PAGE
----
Yesterday’s run was very, very different from all the others. I know I say that after every race but it was.
It was difficult turning up for the half marathon. My training wasn’t as great as I wanted it to be. Sure, I trained for the distance but last year I wanted to complete ADHM 2017 in 2.15 hrs and even getting to last year’s timing was going to be a challenge. Entire 2017 has been about recovering from an injury, then illness and just trying to take one day at a time. Not every year of training is going to be about getting fitter or learning new skills. Sometimes it is about knowing how to pull yourself out of the mess you got yourself into and getting back on track. Trust me, getting back on track after a break is 100 times harder than staying on track.
I wasn’t able to run for 2 weeks due to the massive amount of travel. Basically, I wasn’t in the best frame of mind and shape for ADHM. To add to that, runners were dropping out like flies due to the smog. Even non runners had an opinion on whether I should run or not. I was getting bombarded with unsolicited opinions from all sides. And I didn’t know even one runner who was 100% positive about running ADHM, come what may. So I had to keep myself positive all on my own.
I had a list of 10 reasons why I shouldn’t run ADHM. Most people would have considered it a smart decision. But the commitment that I would run was most important. So, I ran.
I ran without a timing target. I ran to have fun (I can hear my friend saying “You do know that running for fun is not normal”). I ran for my love for Delhi, smog or no smog. I ran because ADHM is special. I ran because am juggling a lot of balls in the air and dropping even one of them will have disastrous effects on my mental equilibrium.
Throughout the run I didn’t look at my timing. I have been training myself to track my pace (not the average pace) while running. I have been trying to read my pace without a watch telling me. There are 2 ways to run a half marathon – either go fast, slow down, go fast again. This is why interval runs help; or run consistently at the same pace. It is easier to get a personal best timing with the former strategy rather than latter. I had trained for the former. But the smog made it difficult to sprint even once. And that has never happened before. I sprint several times on all my runs. I was completely thrown. I hadn’t trained to run in the smog. Then I started running at a consistent pace. Everytime my pace went below 6 mins/km, I had trouble breathing so I kept it between 6 mins/km to 6:30 mins/km. That worked.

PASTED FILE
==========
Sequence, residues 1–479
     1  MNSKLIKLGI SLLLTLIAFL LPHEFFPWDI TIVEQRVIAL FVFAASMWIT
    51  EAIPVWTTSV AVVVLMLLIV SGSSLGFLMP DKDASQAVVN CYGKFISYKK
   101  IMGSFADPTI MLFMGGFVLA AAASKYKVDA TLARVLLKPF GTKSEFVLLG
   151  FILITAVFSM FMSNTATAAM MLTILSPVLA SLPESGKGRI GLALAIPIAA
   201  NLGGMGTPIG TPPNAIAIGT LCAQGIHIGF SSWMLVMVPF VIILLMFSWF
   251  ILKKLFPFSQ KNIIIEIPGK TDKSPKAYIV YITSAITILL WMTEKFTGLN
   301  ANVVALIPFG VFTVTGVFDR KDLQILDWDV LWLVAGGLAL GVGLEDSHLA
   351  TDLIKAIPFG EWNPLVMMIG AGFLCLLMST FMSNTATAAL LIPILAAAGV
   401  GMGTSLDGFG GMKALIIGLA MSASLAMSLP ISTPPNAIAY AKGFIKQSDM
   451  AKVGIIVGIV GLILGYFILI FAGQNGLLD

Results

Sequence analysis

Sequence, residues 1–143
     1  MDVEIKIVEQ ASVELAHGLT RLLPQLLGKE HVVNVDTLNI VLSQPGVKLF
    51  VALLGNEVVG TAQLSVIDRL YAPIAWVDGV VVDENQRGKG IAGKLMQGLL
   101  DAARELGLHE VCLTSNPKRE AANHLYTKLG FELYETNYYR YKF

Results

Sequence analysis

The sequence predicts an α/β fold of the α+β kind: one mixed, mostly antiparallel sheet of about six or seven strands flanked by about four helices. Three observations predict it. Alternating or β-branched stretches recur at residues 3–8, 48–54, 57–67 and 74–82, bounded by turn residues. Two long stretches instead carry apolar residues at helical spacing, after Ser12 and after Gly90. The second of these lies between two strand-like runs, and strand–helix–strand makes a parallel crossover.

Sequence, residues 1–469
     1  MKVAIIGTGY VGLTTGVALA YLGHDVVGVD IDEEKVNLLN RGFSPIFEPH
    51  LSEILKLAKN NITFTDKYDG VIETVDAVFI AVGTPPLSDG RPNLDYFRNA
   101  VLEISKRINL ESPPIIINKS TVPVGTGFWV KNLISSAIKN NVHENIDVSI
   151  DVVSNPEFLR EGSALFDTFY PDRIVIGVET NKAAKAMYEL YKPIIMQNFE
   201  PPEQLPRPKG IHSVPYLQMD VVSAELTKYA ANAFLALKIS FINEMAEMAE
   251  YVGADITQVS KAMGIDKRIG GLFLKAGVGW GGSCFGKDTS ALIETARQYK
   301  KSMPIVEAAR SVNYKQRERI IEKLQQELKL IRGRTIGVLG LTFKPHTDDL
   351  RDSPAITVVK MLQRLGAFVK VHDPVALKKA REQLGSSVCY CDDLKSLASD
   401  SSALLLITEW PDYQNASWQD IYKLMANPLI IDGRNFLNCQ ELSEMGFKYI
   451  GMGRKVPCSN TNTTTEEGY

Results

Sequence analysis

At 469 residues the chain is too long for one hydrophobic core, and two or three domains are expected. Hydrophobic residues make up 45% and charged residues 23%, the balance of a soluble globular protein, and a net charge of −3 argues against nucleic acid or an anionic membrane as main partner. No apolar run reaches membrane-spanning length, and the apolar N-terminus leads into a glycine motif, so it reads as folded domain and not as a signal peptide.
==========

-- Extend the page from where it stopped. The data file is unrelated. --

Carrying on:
At 16 km, I was nauseous. I wanted to puke and considered stopping. But then decided to stop if I actually puked or fainted. I hadn’t fueled well before the run. Both the bananas had overripe parts and I ended up eating less than 1. The Enerzal made me more nauseous and since I don’t eat on training runs, I wasn’t going to take the risk during the race. One step at a time I covered each km.
2 km from the finish line, a kindred soul asked me to keep running when I walked. When I started walking again, she told me to go slow but not to stop. I used her to pace me for another km. 500 m from the finish line, I didn’t care. Or so I thought till I saw the cameras. Going by the great shots they clicked, narcissism does have some positives.
Most runners who dropped out did so because of lack of training and not the smog. Most of the people I know personally, turned up and ran. Training or no training. Those who had trained with coaches in the last 3-4 months met their personal best timing. The smog was just an excuse. Just like life gives us ample reasons to not do something. We just have to latch on to one and get things done.
Has half marathon training added to my fitness this year? No.
Has it made me stronger? No.
Has it added any value to me this year? No.
Have the long hours and effort of training kept me away from trying new things? Yes.
I am retiring (don’t want to call it quitting) from long distance running after 5 years of training consistently. I want to explore more efficient ways of getting fit and strong. Certain parts of my body (left ankle/left foot) feel weak and I don’t want to get injured again. I want to spend my Sunday at treks or cycling or rock climbing instead of running. This doesn’t change my training regime in any way. I will run short distances on weekdays and 10 km on weekends.
Long distance running started me on the fitness path. But you have to close one door to open a new one. There is only so much you can fit into your life.